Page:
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All admirers of influential classic rock in the vein of Bowie and The Stooges, the four members of The May Fire are also well-learned on several efficacious bands from more recent decades. Depending on the song, Tasso’s melodically dynamic croon makes for respectable comparisons to The Pixies’ Kim Deal or and the Yeah Yeah Yeahs’ Karen O. While her vocal tone is not precisely reminiscent of such vocalists, her whimsical energy and vigorous harmonies delivered under strains of catchy guitar riffs, explosive choruses, and hardheaded angst makes the comparisons more than justifiable. La Victoria is arguably the group’s most impressive effort to date, featuring six songs with plenty of rock ‘n’ roll swagger and youthful oomph. It is also the first release from The May Fire that features a song sung in Tasso’s native tongue: Spanish. Ironically enough, it is also the best song on the EP. “Marcha” is indeed an absolute charmer; both seductively engaging and highly original. Like most songs from The May Fire, the chorus is its core strength. Whereas a bare, subdued verse featured an intentionally monotonous delivery over a simplistically layered guitar, the chorus features an immediate burst of enthusiasm as Tasso’s vocals are uplifted by the aid of vibrantly sparkling keys that some would even dare to call cute. With such an exceptional maneuver deployed over Tasso’s ceaselessly ardent vocals, the irresistible delivery makes me regret choosing French over Spanish in high school.

For those who were wondering, The May Fire actually got their name from the unconscious mind of Cat Tasso. “I dreamed about the name, it just came to me,” she said, immediately finding satisfaction in it upon awakening. “I turned on the computer and bought the domain name right then and there.” Whether they are thoughtfully dreaming, working hard in the studio, or letting their fervent presence be known on stage, songs like “I’m Sinkin'” and “They Make Me Mad” are definitive examples of The May Fire’s bursting confidence and fledging potential. While The May Fire often utilize the same instrumental tones without any complementary effects, their back-to-basics method of production makes for an experience that is wholesomely invigorating. The simple hooks, whether it be the expertly applied guitar solo in “I’m Sinkin'” or the enchanting chorus in “Marcha”, calls back on the glorified days of ’90s alternative rock. The May Fire’s core instrumental arsenal reaps from inspired ingenuity and genuine buoyancy and, with their proficient incorporation of punk and alternative rock, such throwback comparisons provide for nothing but sheer enjoyment.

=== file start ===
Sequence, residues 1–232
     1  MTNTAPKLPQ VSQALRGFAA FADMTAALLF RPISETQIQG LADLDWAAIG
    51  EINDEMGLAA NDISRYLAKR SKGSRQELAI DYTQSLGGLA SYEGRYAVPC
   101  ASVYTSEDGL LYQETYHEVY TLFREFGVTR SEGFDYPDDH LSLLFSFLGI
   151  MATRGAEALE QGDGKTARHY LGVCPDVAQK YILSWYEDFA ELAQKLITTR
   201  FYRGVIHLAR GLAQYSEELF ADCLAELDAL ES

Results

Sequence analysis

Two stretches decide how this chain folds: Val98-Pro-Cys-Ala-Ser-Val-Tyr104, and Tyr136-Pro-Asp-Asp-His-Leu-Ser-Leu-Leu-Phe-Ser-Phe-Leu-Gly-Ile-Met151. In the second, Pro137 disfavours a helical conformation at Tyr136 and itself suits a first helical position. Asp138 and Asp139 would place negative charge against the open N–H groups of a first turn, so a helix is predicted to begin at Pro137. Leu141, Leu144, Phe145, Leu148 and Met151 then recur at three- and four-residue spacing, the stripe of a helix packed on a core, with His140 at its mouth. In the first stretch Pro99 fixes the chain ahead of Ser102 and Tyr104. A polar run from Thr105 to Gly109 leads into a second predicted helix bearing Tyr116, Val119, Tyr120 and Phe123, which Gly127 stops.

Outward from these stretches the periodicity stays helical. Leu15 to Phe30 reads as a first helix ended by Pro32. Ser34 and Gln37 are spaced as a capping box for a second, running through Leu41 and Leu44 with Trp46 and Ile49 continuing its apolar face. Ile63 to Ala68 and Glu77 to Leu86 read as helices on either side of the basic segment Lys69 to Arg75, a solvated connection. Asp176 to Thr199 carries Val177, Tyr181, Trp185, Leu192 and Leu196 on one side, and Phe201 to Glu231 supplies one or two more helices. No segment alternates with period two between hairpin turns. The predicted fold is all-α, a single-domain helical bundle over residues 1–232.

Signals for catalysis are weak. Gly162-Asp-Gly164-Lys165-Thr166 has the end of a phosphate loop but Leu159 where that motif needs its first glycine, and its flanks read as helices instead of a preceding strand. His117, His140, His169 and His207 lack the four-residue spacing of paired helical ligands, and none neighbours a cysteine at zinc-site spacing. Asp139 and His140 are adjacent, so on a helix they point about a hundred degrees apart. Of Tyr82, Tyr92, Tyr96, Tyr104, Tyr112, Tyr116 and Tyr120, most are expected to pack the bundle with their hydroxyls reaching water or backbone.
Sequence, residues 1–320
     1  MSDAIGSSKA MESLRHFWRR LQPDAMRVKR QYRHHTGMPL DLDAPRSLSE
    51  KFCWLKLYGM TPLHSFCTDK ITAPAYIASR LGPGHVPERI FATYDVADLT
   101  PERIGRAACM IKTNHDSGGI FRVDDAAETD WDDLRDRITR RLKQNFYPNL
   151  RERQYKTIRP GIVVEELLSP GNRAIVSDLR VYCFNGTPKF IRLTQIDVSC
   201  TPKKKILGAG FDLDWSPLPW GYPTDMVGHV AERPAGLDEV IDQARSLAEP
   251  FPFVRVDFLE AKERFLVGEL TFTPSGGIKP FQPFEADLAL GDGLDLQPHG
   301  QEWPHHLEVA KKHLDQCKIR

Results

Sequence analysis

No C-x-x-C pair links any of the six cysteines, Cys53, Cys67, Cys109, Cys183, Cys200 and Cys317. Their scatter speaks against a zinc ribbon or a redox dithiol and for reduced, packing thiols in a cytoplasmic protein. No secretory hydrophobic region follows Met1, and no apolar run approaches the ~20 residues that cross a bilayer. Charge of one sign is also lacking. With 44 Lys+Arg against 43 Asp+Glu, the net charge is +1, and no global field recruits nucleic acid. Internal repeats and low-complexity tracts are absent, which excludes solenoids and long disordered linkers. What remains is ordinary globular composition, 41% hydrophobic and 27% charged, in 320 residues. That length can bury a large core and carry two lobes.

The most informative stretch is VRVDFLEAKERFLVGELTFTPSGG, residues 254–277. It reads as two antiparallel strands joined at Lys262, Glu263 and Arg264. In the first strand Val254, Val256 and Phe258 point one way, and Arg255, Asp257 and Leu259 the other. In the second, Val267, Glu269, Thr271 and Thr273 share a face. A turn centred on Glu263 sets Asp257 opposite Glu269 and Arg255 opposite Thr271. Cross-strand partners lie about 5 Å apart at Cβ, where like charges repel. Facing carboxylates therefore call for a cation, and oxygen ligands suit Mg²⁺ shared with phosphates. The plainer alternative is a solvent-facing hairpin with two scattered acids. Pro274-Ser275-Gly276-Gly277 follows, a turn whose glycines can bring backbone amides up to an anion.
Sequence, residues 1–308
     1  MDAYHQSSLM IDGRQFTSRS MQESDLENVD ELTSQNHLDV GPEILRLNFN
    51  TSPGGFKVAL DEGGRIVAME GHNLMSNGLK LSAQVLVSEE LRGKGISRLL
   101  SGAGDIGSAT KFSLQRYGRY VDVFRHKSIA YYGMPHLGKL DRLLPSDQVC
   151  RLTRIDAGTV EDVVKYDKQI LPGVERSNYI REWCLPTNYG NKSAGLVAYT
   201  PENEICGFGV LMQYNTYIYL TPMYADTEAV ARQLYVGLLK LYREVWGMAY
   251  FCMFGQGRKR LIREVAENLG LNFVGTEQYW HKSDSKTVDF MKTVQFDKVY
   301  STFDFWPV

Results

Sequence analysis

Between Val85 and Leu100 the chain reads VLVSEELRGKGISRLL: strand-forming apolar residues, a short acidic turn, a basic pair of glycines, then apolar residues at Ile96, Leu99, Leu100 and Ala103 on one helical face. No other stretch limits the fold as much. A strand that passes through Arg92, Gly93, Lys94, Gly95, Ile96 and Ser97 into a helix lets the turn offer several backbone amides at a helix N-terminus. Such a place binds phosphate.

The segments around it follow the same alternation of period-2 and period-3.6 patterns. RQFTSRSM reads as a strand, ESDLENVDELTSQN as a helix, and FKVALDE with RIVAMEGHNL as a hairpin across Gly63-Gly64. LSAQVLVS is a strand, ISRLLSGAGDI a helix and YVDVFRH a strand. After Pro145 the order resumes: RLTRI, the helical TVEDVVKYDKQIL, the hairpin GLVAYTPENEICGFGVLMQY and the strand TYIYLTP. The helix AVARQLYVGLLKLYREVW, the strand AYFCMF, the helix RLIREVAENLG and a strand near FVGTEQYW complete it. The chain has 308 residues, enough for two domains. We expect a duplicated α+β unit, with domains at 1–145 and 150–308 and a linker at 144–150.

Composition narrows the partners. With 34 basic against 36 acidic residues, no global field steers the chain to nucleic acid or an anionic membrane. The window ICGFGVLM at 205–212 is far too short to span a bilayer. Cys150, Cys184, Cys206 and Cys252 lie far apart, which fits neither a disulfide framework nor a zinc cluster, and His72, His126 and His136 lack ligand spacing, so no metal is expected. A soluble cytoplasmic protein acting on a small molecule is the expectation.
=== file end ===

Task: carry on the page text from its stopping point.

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The May Fire – Marcha

[audio:https://obscuresound.com/mp3/mayfire-mar.mp3]

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The May Fire – I’m Sinkin’

[audio:https://obscuresound.com/mp3/mayfire-ims.mp3]

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The May Fire – They Make Me Mad

[audio:https://obscuresound.com/mp3/mayfire-the.mp3]

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Mike Mineo

 
I'm the founder/editor of Obscure Sound. I used to write for PopMatters and Stylus Magazine. Send your music to [email protected].